After having finally seen the end of The Dark Knight yesterday (which we previously had missed thanks to a wide-spread and suspiciously well-timed power outage), my girlfriend and I were wandering homewards. What had seemed like the culminating moments in our first go turned out to be only about three quarters of the way through, and as a result it was quite a bit later than we had expected to get out. With no quick and easy entrees beckoning us home, we decided to try the local Mongolian Grill and see if it was any good.
The food was alright (although unlike any other Mongolian grill I’ve ever been to you didn’t get to make your own sauce, which was disappointing), but the best part of the trip was the poster displaying nine good reasons to eat frozen yogurt that was on the wall. Or, more accurately, “9 Reasons to Eat Y/O/G/U/R/T”. Your guess is as good as mine why they slashed it up.
1. Yogurt is easier to digest than milk
This seems to me like a decent argument for eating yogurt.
2. Yogurt contrubutes [sic] to colon health
Again, a healthy colon is certainly a plus in anyone’s book, although I’m a little perplexed why this is the second reason. It seems more like the kind of thing you’d slip tactfully in around reason number seven or eight.
3. Yogurt can boost immunity
We seem to be on a health kick here.
4. Yogurt aids healing after intestinal infections
Whozawha? “Aids healing in intestinal infections?” Purely aside from the fact that this seems more like something you’d find in a doctor’s office than a restaurant, how many of the customers here have intestinal infections? It must be a pretty significant number if the fourth reason you should eat yogurt is to help those pesky infections on their way. Suddenly the partially frozen meat that went into my dish is looking less and less like a good idea.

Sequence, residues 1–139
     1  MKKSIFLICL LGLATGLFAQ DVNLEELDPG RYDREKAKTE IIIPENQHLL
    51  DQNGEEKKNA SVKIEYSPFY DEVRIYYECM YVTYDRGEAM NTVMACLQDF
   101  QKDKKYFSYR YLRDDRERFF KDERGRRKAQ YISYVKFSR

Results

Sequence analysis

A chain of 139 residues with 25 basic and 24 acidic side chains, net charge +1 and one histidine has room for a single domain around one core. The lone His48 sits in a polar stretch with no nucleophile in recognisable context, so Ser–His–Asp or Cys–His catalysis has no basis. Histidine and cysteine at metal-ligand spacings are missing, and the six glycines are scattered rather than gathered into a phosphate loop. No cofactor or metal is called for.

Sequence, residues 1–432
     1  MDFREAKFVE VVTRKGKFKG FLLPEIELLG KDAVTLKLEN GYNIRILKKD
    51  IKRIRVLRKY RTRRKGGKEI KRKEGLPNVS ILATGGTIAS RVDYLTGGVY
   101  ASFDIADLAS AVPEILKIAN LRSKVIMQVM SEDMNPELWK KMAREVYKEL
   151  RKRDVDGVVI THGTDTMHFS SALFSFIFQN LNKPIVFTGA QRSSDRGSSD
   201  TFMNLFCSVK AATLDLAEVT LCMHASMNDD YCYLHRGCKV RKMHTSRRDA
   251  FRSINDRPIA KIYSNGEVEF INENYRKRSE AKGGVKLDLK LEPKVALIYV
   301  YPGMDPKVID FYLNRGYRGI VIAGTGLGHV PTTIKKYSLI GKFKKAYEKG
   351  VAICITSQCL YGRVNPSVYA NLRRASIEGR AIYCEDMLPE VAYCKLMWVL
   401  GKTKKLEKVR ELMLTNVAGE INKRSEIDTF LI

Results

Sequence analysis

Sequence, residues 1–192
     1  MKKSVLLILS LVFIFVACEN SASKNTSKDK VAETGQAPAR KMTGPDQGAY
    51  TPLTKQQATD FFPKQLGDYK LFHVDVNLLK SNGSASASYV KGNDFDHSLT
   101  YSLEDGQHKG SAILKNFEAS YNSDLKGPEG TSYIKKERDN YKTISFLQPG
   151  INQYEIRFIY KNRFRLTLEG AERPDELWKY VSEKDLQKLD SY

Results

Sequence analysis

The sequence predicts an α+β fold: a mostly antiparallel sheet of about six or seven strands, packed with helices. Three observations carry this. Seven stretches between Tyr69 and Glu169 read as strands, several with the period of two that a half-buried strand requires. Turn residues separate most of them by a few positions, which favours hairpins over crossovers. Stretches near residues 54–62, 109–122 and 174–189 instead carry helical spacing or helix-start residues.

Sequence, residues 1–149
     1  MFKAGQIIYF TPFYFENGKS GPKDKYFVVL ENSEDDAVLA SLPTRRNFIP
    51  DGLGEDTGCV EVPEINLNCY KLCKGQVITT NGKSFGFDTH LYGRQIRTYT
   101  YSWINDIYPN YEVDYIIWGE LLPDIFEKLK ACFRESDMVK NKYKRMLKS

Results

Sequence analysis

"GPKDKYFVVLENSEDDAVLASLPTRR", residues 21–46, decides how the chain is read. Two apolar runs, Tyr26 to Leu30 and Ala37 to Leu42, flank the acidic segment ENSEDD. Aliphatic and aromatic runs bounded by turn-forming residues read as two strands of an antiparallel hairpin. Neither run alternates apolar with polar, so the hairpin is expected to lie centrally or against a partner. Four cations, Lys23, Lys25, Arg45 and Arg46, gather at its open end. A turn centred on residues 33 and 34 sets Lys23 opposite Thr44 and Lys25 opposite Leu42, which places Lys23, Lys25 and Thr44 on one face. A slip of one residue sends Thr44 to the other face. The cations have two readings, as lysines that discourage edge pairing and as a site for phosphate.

5. Yogurt can decrease yeast infections
Well, damn. As if the intestinal troubles weren’t enough, they wanted to be absolutely certain we knew the healing and preventative power of yogurt. Except that yeast infections are not something I want to think about when I’m eating. Yeast infections, in fact, manifestly put me off food.
Fortunately, though, after the first five reasons the author of the poster decided that they had extolled the virtues of yogurt for the digestive tract long enough.
6. Yogurt is a rich source of calcium
7. Yogurt is an excellent source of protein
8. Yogurt can lower cholesterol
Ah, now there are three reasons that a sheltered American like myself can appreciate. From Cheerios boxes to news anchors, calcium, protein, and cholesterol are all subjects safe for public consumption. Sure, they don’t have the shock value of yeast infections, but they’re also familiar enough that I don’t have to think about them. Which is nice. Because I still can’t get the thought of those yeast infections out of my head, and am cursing the impulse to add cauliflower to my meal.
9. Taste good
“Okay, there’s our list.” “But we said nine reasons, and we only have eight.” “Oh, fine, say it has a good taste. We already covered all the important bits like yeast infections.” “Alright. ‘Taste good’. Let’s go print this son of a bitch.”
Needless to say, despite nine very good reasons to eat y/o/g/u/r/t, neither my girlfriend nor I was tempted to try it.
It was probably because neither of us had a yeast infection.
(As an aside, this poster was almost certainly created overseas somewhere, and the cultural disconnect between Americans like myself, who value pleasurable flavors, and the authors, who evidently prefer restorative powers after intestinal infections, is quite telling.)